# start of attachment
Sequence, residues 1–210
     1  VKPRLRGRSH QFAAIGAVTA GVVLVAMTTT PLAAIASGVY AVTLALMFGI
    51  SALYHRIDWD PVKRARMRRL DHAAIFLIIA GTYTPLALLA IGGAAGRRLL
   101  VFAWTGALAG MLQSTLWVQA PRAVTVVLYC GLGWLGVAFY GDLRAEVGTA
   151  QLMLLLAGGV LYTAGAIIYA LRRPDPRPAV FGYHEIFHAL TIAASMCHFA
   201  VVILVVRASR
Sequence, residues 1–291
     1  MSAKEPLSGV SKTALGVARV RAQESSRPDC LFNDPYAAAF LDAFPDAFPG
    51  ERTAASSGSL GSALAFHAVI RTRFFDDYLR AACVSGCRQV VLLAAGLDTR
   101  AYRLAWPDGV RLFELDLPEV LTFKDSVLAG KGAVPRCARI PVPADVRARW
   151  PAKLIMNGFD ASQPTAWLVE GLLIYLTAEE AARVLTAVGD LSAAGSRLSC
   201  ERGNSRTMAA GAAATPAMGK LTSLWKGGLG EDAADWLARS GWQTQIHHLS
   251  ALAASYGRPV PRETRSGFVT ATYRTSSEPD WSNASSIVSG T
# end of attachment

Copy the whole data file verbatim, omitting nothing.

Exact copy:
Sequence, residues 1–210
     1  VKPRLRGRSH QFAAIGAVTA GVVLVAMTTT PLAAIASGVY AVTLALMFGI
    51  SALYHRIDWD PVKRARMRRL DHAAIFLIIA GTYTPLALLA IGGAAGRRLL
   101  VFAWTGALAG MLQSTLWVQA PRAVTVVLYC GLGWLGVAFY GDLRAEVGTA
   151  QLMLLLAGGV LYTAGAIIYA LRRPDPRPAV FGYHEIFHAL TIAASMCHFA
   201  VVILVVRASR
Sequence, residues 1–291
     1  MSAKEPLSGV SKTALGVARV RAQESSRPDC LFNDPYAAAF LDAFPDAFPG
    51  ERTAASSGSL GSALAFHAVI RTRFFDDYLR AACVSGCRQV VLLAAGLDTR
   101  AYRLAWPDGV RLFELDLPEV LTFKDSVLAG KGAVPRCARI PVPADVRARW
   151  PAKLIMNGFD ASQPTAWLVE GLLIYLTAEE AARVLTAVGD LSAAGSRLSC
   201  ERGNSRTMAA GAAATPAMGK LTSLWKGGLG EDAADWLARS GWQTQIHHLS
   251  ALAASYGRPV PRETRSGFVT ATYRTSSEPD WSNASSIVSG T